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Sunsum in Mind, Body & Spirit

March 28 - Sept 13, 2020 
Kunstverein Braunschweig
The Faculty of Sensing, Thinking With, Through and by Anton Wilhelm Amo.  
Dec. 4, 2020  - Feb. 2, 2021 
Savvy Contemporary, The Laboratory of Form -Ideas, Berlin, Germany
The Faculty of Sensing, Thinking With, Through and by Anton Wilhelm Amo.  

Sunsum, in Spirit, 2020
HD Video, 09:53 min
Samples: May Ayim “Blues in Black and White” in Maria Binder “Hope in My Heart – The May Ayim Story” Film Trailer; Louis Henderson “The Sea is History” Soundtrack; Michelle Parkerson “A Litany For Survival – the Life and Work of Audre Lorde” Film Trailer; Ella Andall “Yemaya (Great Divine Mother of the Orisas)”; Bessie Jones “Beggin’ the Blues”; Humboldt Universität Berlin Lautarchiv “Duala (Kamerun), Gesang – LA 1334”, “Baule (Elfenbeinküste), Flöte – PK 1596/1”

Sunsum, in Body, 2020
Archival pigment, synthetic hair, yarn, paper, leather thread, acrylic medium on handmade mulberry paper – bound onto wooden frame
21,5 × 33 × 26 cm

Sunsum, in Mind #1 + Sunsum, in Mind #2, 2020
HD Video, archival pigment, human hair, synthetic hair, sage, cowrie shells, acrylic medium on 100% Brazilian banana tree stem paper
each 50 × 140 cm

Water is the connecting element that runs through the works of Adama Delphine Fawundu. The artist is interested in the nexus of social movements and collective tendencies and how these are mirrored in the motif of water. With a view to and awareness of transhistorical connections, a range of temporalities are connected: past, present, and future all coincide within Fawundu’s artistic vision. As a locus of memory, the sea narrates generations of its own stories – and it is here that Derek Walcott’s well-known poem The Sea is History, a source of inspiration to Fawundu alongside texts by Anton Wilhelm Amo, offers many forms of explicit connection.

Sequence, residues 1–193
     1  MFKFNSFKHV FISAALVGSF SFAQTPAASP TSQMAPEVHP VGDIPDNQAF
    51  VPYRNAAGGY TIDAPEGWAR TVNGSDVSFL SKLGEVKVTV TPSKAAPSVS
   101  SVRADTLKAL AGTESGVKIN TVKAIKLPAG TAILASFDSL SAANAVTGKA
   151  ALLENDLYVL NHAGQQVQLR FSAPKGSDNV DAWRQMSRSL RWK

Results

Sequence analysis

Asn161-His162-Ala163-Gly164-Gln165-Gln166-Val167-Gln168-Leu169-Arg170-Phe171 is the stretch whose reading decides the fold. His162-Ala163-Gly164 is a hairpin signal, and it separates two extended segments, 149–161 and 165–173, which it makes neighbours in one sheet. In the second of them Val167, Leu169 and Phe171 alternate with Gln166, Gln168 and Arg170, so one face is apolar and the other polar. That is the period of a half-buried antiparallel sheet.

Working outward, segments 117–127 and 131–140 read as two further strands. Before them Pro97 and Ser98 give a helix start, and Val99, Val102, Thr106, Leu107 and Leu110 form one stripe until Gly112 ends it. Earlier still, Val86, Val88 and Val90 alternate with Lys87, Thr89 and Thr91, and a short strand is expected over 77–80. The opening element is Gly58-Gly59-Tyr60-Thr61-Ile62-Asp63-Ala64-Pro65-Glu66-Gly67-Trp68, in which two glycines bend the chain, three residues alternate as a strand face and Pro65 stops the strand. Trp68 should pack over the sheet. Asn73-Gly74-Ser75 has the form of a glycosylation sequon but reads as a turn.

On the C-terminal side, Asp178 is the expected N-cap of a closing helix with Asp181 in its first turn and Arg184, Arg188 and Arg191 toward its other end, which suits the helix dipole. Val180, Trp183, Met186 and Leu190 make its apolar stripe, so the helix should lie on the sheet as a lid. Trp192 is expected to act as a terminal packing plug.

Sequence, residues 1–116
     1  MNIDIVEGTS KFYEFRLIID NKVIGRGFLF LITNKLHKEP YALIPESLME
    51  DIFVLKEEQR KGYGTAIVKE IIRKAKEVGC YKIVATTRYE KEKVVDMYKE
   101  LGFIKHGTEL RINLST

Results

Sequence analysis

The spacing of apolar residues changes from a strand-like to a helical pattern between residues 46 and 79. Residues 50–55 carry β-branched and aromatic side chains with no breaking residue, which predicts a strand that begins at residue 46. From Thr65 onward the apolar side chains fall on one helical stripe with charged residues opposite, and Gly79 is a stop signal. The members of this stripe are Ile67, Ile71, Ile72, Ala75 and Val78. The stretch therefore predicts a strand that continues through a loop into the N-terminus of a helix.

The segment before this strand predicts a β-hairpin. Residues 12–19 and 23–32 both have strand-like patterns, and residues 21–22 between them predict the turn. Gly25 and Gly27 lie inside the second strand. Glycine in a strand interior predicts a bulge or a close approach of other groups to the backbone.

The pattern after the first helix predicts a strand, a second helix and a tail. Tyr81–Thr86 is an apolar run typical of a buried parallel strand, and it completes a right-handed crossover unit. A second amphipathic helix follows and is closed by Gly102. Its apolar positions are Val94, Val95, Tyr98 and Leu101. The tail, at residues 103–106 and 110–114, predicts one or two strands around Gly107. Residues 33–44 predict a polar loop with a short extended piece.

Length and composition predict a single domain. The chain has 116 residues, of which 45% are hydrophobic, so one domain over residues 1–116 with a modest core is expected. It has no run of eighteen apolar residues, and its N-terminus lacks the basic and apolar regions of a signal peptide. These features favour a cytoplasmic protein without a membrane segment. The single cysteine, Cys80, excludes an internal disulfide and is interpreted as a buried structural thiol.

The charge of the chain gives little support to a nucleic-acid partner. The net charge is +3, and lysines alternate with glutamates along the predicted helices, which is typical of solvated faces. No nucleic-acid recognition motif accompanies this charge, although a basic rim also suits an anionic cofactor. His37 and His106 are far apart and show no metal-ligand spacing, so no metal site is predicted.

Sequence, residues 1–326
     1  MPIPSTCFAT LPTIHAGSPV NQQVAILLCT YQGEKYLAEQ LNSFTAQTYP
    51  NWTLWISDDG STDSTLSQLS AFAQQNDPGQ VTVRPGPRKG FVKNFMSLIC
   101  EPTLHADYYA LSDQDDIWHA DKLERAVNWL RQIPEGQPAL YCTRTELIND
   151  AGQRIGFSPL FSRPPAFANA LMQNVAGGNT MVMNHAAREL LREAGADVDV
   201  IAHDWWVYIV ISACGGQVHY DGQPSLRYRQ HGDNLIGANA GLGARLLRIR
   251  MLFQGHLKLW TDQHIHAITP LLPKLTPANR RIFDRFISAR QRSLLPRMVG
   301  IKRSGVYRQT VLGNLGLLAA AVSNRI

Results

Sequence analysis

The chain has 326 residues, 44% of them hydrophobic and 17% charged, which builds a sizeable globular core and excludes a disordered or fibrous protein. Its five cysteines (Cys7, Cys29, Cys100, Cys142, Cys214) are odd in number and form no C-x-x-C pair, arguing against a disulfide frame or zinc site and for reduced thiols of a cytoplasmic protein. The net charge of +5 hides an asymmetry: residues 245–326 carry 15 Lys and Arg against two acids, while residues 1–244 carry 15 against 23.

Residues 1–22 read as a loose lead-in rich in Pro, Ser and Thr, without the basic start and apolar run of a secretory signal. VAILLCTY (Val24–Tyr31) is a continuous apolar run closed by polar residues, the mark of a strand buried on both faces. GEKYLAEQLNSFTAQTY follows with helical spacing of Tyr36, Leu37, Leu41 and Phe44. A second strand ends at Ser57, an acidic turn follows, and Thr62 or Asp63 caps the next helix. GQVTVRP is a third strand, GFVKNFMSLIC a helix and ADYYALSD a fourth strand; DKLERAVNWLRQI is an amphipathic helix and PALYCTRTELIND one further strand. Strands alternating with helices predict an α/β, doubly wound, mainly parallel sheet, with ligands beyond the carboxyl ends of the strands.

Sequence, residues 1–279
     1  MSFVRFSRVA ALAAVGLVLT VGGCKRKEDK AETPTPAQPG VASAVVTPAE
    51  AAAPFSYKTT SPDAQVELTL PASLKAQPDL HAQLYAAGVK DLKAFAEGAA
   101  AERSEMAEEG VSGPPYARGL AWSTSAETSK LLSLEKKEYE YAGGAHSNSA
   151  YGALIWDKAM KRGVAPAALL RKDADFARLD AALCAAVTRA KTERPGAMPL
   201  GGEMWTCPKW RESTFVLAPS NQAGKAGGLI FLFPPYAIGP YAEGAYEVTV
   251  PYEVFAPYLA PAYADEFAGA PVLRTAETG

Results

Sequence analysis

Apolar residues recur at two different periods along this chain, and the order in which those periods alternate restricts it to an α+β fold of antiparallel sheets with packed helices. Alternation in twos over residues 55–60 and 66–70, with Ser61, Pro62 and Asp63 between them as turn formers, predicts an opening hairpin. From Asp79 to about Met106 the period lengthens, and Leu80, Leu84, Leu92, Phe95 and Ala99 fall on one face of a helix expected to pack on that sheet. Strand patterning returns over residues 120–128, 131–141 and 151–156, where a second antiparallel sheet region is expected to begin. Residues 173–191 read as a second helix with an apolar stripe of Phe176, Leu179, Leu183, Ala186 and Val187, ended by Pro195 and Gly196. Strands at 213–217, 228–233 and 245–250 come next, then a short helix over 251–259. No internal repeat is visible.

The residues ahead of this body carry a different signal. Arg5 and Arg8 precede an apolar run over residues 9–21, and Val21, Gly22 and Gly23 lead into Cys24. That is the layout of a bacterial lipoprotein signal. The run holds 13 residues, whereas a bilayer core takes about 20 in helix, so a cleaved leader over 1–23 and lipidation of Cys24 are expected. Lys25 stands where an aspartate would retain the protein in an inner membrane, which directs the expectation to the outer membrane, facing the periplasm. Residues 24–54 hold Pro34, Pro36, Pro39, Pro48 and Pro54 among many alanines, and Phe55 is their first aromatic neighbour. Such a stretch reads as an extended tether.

For her contribution to the exhibition, the artist pursued and filmed along Braunschweig’s waterways. The resulting video work uses collage-like methods to bring together a range of images from various river points. References include poets and activists May Ayim and Audre Lorde, whose years in Berlin in turn inspired Ayim. In her expansive installation, Fawundu combines collages of moving image material together with photographs, with new image levels being added via superimposed projections. Here too, the sea is projected as a place that mediates sinking and (ritual) healing. Finally, various (narrative) threads coalesce into a handmade book. Page by page, recurring symbols from the artist’s work – such as the sea, natural and artificial hair, roots and routes – are closely interwoven. Collage as an artistic medium is also prominent in the room-filling soundtrack, overlaying the other works from the starting point of the large projection.

Samples such as Bessie Jones’s Beggin’ the Blues or Ella Andall’s Yemaya are mixed with sonic artifacts from Humboldt University of Berlin’s sound archives. As a practice of merging distinct sound recordings, sampling is also used skilfully by the artist in the context of the emergence of (new) language and thus deployed to develop her own: “The ‘new language’ symbolizes life, a sense of freedom, living rather than just surviving within the complexities of systematic oppression. This is what the body does intuitively – the ‘body’ never truly dies, it transforms.” (Adama Delphine Fawundu)

Sunsum in Spirit video excerpt.
Adama Delphine Fawundu | The Faculty of Sensing at SAVVY Contemporary 2020
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